The BBC featured an article on their site last week, The rise of the cyber children
. Basically describes a debate concerning when kids should begin using computers and if they gain any benefits from starting at an early age. Some of the interesting nuggets:
1) 4-7 year olds in a London school participating in weekend computer programs. Article says the kids were recently plugging numbers into Microsoft Excel. No doubt: MS Office is one of the killer apps in education.
2) Kids as young as 18 months are being introduced to computers, developing those motor skills that'll let 'em point and click for the rest of their lives (or maybe not...point/click may not be around in 5-10 years, never know). Some quotes from groups saying that traditional computers (mouse, keyboard, display) may not be appropriate for age 1.5-2.5 years.
3) Questions about whether early training makes a difference later in life. No strong evidence presented either way...clearly something researchers will be investigating.
I found this interesting since I have an 18 month old daughter who's been exposed to computers from day one. She actually doesn't know much about the mouse/keyboard or the Web and all the stuff it offers (for better or worse). She still thinks computer displays are where people come to talk to her. We did a lot of (Apple) iChat video conferencing with family over the years. The other night we connected with her aunt, baby girl did her best version of carrying on a conversation.
It's a traditional computer, but we haven't exposed her to all the mousing, double clicking, etc. Not that I believe kids shouldn't touch computers at an early age. In fact, I'd be happy if my girl could start programming with me...I could use some help cranking out projects.
Even if I hadn't shown her a laptop, she (and other kids) are basically surrounded by computers these days. Hit any toy store these days, and you'll find a rack of toys that talk, dance, and respond to kid actions because of their embedded microcontrollers. Leapfrog's Learning Friend Lily
is one of my daughter's favorites. Press Lily's foot, and she sings this counting song that slowly gets into parents' heads...you'll be singing that sucka all day long. No mouse, no keyboard, but Lily certainly has to be considered a computer. And the good thing about her is that everyone get sucked into her singing, making it an interesting prop for socializing with the kiddies.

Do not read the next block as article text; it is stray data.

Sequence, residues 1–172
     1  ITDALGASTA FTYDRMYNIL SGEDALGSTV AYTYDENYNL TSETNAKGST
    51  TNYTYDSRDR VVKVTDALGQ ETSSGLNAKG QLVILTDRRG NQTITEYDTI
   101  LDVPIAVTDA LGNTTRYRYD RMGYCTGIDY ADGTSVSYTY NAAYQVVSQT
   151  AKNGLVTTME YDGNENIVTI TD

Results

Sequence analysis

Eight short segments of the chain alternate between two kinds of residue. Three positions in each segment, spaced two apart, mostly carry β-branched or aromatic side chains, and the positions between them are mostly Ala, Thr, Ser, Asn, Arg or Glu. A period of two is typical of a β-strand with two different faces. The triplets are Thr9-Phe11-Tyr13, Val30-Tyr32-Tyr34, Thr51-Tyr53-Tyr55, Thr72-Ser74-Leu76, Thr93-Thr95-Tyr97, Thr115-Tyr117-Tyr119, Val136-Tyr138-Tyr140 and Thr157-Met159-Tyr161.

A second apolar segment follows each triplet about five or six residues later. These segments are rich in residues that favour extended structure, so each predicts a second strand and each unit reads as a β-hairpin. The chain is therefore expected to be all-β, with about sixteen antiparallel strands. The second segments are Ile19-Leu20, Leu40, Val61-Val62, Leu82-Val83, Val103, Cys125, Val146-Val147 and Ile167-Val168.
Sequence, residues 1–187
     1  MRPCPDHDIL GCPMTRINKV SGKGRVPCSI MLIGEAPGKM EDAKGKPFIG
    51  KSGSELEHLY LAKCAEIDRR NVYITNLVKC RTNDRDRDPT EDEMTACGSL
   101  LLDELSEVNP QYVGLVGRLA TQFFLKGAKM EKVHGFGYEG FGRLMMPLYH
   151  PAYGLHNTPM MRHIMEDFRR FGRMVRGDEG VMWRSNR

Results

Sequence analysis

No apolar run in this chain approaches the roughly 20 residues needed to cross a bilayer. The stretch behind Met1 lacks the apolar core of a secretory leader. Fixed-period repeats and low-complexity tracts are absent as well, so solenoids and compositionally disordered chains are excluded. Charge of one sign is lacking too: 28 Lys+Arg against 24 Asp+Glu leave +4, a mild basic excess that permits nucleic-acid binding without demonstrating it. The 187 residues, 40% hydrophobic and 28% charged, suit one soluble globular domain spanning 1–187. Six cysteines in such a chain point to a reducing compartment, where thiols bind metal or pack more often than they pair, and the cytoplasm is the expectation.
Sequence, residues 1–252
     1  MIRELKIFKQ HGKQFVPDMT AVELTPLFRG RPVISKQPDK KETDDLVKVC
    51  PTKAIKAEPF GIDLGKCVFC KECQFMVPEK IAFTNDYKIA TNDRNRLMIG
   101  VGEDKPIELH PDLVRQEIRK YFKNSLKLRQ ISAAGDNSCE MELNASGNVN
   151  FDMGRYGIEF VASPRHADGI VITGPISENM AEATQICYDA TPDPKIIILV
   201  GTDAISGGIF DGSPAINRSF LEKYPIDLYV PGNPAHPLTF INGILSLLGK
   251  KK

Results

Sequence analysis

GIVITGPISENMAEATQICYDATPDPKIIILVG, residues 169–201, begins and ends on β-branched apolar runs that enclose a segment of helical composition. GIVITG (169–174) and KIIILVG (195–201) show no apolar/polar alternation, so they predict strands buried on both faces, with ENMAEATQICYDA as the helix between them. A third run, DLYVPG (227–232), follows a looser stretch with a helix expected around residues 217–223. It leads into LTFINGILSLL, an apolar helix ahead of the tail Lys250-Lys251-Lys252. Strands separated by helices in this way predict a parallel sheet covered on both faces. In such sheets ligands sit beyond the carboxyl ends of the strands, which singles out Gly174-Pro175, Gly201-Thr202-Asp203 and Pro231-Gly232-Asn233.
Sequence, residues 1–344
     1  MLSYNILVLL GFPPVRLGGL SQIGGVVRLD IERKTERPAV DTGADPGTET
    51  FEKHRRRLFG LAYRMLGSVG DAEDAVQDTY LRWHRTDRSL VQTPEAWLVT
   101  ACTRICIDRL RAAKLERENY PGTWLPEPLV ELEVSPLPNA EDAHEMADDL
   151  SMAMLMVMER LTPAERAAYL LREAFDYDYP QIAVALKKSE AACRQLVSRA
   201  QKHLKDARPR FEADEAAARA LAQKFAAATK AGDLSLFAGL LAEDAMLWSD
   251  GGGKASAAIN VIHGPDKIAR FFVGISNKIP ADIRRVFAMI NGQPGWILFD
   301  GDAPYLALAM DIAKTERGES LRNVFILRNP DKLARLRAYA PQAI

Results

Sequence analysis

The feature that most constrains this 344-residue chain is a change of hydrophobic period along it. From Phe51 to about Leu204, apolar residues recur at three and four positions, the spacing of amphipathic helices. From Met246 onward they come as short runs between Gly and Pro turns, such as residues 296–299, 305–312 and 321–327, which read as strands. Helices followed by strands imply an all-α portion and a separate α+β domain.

Same time this article was released, I was polishing off a chapter for a book where I talk about video conferencing and Lily, how they faciliated social connections between my daugher and her grandmother. I'll have to post the chapter once it gets through final edits with MIT Press. I wasn't arguing that kids should or shouldn't get on machines early in life, but I suppose if pressed I'd argue for.
Rather, kids are gonna see various forms of computation early whether parents like it or not (most people's cars are just big computers on wheels these days, never mind your cell phones with the cameras, your microwave ovens, iPods, etc.). If parents/teachers supervise the activities and support kids in learning with the devices...well, they're no different than books. In fact, it's funny that we'd have debates about computers and their effects since we don't seem to question things like crayons, analog dolls (as opposed to digital ones), Legos (and even they've had computational cousins for a long time), etc.
If I put on my "scholar cap," I'd say there needs to be more sociocultural studies of computing in early childhood. Looking to quantify motor development due to playing with a mouse...well, someone must study that stuff, but better them than me. I'm more interested in understanding how parent-child interactions (or older peer, grandparent, etc. interactions) around computing in various form factors might assist social aspects of learning.
But I seriously hope my baby doesn't start using Powerpoint at age 2. That's another story for another posting...